So the extra work would facilitate our plans to flee.  Let me say that plan turned into a fiasco when it ended in us losing the property after our renters turned into squatters. The Bank of America confused my credit with my father who had just passed away and we even ended up living in a hotel for several weeks and with friends until we could secure a rental. The stress damn near killed me and I got very sick. I started looking more like Ickabob Crane and less like big Bubba.

I had stopped working for the LanguagExchange by then and was solely working with the Washington Post. However, I was only a temporary surrounded by a floor full of old-timers still in the union. I was bound to have conflicts being a scab but I must say the money was great and I was working in the worker's paradise.

Monday, December 16, 2013

My Protest Gets Zero Coverage

I'd never heard of the Libertarian Party. It was never written about in the Washington Post and of course the party never got a bit of coverage by the TV networks. So it didn't exist. At the same time I was deep into the 1970s and the terrible stagflation economy. The Washington Post wrote about stagflation. They said it was a combination of high inflation and low economic activity and high unemployment. The paper used many terms I had never heard about before and I usually glazed over and headed for the Sports section to read about the Redskins. Even so the economy worried me because although I was working I cleared $84 dollars after taxes - every two weeks! So even though things like cigarettes were only thirty cents a pack and gasoline by the gallon as well...that $84 dollars didn't go too far to secure the American dream we were always being taught about in school and reminded of daily in the Washington Post.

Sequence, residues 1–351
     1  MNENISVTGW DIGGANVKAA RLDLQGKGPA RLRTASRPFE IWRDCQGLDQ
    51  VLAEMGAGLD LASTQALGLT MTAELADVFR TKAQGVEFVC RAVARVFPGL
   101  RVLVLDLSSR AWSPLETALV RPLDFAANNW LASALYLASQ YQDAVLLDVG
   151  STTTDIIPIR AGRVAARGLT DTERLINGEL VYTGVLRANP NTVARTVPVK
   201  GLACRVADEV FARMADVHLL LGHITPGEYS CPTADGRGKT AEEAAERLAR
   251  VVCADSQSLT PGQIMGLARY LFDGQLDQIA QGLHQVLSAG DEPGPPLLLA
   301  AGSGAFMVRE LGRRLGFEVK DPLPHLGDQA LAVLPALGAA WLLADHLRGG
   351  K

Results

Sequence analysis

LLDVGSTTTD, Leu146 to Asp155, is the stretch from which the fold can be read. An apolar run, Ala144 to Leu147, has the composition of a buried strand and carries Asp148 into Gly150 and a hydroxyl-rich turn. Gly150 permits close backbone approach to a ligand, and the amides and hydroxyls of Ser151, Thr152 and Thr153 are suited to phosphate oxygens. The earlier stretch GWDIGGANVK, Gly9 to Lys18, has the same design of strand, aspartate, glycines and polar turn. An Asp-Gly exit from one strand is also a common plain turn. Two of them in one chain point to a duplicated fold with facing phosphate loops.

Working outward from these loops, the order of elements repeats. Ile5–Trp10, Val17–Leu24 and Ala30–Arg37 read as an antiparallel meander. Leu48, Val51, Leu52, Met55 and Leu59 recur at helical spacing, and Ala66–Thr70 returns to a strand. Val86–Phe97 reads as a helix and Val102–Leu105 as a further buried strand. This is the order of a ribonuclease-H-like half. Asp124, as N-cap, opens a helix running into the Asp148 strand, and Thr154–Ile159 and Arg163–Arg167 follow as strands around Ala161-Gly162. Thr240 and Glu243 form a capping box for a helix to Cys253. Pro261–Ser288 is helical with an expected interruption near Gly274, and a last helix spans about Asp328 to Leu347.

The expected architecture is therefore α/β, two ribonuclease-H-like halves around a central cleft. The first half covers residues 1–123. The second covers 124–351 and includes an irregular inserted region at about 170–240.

But I was in my twenties in the 1970s. There was only one important thing - girls. Girls were always on my mind. And you could use the Washington Post to help you find them as well and the paper even had hints to coach you up on how to act around them so you could secure one for yourself. You needed all the help you could get too trying to impress the ladies on $42 bucks a week. To make matters worse we had gas shortages and had to get into gas lines at the crack of dawn to fill up the car. There was odd even rationing. On odd days only drivers with the last number of their license plate being an odd number could get gas. The Washington Post was right there with articles advising you how you could use your time constructively while you waited four hours creeping in line to fill up. The Post also told us about President Ford's WIN buttons. WIN stood for Whip Inflation Now. All you had to do is come up with an idea to whip inflation now and send it into Jerry at the White House and bingo! You got a WIN button. I didn't have a clue what caused inflation. I knew it meant higher prices. The Washington Post never wrote a word about the private Federal Reserve Board or the fact that they were printing up huge quantities of dollars. Today, even Joe Six Pack has heard of the Federal Reserve and knows that if too much money is printed up it causes inflation. But in the 70s nobody at the Washington Post knew this and apparently neither did President Gerald Ford. I certainly didn't. It was never in the paper or on TV.